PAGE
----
Available in English External Web Site Policy and Spanish External Web Site Policy from the GuíaSalud Web site.

Availability of Companion Documents

The following are available:

  • Quick reference guides and summary versions are available in Spanish from the GuíaSalud Web site External Web Site Policy.
  • Methodological material. Madrid (Spain): Aragon Institute for Health Sciences (IACS); 2016. 172 p. Available in Spanish from the GuíaSalud Web site External Web Site Policy.
  • Grupo de trabajo sobre GPC. Elaboración de guías de práctica clínica en el Sistema Nacional de Salud. Actualización del manual metodológico. Madrid: Plan Nacional para el SNS del MSC. Instituto Aragonés de Ciencias de la Salud - I+CS; 2016. Guías de práctica clínica en el SNS: I+CS, nº 2006/1. Available  in Spanish from the GuíaSalud Web site External Web Site Policy.
  • Working Group for CPG Updates. Updating clinical practice guidelines in the National Health System: methodology handbook. Madrid (Spain): National Health System Quality Plan of the Spanish Ministry of Health and Social Policy; Aragon Institute for Health Sciences (IACS); 2009. 67 p. (Clinical Practice Guidelines in the National Health System: IACS; no. 2007/02-01). Available from the GuíaSalud Web site External Web Site Policy.
  • The Spanish version of the guideline is also available via a mobile application from the GuíaSalud Web site External Web Site Policy.

Patient Resources

Patient information can be found in the Annex of the original guideline document External Web Site Policy. A Spanish version is also available from the GuíaSalud Web site External Web Site Policy.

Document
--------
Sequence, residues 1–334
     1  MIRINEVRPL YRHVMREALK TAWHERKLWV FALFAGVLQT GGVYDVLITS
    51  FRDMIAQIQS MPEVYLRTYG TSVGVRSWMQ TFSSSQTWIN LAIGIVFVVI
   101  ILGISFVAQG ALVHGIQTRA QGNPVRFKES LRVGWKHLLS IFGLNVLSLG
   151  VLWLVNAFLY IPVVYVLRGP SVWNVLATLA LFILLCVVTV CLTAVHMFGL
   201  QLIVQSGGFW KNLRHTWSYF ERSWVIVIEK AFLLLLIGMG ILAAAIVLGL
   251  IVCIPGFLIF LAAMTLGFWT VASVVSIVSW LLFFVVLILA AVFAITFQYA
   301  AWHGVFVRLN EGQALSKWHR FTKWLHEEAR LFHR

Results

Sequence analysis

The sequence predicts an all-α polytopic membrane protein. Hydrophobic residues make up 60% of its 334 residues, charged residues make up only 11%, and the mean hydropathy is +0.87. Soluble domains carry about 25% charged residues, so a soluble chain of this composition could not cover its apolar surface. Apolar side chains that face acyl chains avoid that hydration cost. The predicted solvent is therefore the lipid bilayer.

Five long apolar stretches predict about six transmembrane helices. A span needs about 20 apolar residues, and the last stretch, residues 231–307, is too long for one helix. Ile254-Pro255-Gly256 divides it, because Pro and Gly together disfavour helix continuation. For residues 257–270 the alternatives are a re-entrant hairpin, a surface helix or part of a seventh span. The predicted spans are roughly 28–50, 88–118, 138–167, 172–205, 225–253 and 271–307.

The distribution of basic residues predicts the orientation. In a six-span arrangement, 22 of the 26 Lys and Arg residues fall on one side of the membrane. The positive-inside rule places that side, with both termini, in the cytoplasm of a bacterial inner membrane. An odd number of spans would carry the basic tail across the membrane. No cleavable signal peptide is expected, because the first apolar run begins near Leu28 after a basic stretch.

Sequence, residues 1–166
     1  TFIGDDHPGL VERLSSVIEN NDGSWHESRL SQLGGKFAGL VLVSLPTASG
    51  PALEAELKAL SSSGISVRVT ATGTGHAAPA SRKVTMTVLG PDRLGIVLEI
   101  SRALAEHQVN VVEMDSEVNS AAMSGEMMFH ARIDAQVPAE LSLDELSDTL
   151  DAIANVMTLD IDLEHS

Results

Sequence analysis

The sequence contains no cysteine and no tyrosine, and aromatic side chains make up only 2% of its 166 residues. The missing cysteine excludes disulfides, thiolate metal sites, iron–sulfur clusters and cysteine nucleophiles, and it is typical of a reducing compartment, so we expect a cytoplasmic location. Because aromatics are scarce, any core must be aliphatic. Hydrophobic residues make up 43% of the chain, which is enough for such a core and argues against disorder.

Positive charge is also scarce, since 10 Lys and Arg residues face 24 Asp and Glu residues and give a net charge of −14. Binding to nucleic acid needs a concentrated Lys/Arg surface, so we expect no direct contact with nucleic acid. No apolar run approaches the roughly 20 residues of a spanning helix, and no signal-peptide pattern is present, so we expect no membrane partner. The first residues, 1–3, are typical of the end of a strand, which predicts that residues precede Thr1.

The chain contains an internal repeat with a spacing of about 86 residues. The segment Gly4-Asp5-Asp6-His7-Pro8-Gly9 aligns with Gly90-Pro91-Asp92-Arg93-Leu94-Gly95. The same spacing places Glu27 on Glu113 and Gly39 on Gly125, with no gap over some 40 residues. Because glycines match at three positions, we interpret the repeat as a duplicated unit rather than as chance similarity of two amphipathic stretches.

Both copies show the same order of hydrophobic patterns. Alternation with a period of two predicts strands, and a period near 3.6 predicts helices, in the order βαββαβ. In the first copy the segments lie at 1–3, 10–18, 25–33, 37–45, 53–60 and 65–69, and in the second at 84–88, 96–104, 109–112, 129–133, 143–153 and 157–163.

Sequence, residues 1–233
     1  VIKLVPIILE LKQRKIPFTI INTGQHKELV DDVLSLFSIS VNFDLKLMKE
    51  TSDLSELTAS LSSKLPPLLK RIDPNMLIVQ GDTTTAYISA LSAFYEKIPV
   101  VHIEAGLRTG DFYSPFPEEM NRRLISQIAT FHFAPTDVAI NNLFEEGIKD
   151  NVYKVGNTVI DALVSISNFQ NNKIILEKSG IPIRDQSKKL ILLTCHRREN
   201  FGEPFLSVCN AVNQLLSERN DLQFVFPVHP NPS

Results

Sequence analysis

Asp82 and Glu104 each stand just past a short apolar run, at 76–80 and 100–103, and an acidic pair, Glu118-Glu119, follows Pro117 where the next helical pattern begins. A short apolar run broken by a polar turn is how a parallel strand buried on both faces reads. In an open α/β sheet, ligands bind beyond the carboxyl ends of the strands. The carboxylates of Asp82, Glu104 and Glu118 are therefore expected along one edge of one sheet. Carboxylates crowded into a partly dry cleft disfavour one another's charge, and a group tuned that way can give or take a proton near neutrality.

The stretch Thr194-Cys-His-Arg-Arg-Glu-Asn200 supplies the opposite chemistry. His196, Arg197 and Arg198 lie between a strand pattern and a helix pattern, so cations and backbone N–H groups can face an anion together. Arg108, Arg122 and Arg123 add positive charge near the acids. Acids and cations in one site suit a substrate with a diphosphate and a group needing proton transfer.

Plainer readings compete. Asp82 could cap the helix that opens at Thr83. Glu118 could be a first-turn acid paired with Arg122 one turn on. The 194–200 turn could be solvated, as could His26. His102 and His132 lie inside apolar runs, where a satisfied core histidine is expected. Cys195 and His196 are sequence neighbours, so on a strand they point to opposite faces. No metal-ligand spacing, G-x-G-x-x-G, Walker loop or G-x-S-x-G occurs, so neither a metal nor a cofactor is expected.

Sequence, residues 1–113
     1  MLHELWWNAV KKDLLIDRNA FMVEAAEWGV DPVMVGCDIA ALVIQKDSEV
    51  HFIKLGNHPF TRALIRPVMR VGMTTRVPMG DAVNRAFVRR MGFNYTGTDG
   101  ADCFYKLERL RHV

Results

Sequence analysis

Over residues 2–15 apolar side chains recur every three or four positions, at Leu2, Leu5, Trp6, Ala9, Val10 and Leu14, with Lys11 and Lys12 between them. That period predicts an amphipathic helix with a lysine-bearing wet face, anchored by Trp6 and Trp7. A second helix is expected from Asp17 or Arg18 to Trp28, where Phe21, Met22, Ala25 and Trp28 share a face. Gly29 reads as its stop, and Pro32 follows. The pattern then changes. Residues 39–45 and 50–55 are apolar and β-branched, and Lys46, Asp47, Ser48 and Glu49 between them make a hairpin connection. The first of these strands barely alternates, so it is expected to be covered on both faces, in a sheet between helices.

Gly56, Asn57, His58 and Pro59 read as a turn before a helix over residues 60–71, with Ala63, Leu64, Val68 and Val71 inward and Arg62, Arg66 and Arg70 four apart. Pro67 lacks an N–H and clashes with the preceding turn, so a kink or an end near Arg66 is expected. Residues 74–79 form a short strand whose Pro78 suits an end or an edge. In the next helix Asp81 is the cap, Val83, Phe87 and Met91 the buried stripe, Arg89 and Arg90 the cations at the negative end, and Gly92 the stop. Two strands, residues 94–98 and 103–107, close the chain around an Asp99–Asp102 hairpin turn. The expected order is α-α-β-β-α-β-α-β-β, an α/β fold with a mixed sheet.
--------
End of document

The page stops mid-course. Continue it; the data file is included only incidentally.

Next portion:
Please note: This patient information is intended to provide health professionals with information to share with their patients to help them better understand their health and their diagnosed disorders. By providing access to this patient information, it is not the intention of NGC to provide specific medical advice for particular patients. Rather we urge patients and their representatives to review this material and then to consult with a licensed health professional for evaluation of treatment options suitable for them as well as for diagnosis and answers to their personal medical questions. This patient information has been derived and prepared from a guideline for health care professionals included on NGC by the authors or publishers of that original guideline. The patient information is not reviewed by NGC to establish whether or not it accurately reflects the original guideline's content.

NGC Status

This NGC summary was completed by ECRI Institute on May 3, 2018. The information was verified by the guideline developer on May 22, 2018.

This NEATS assessment was completed by ECRI Institute on May 9, 2018. The information was verified by the guideline developer on May 22, 2018.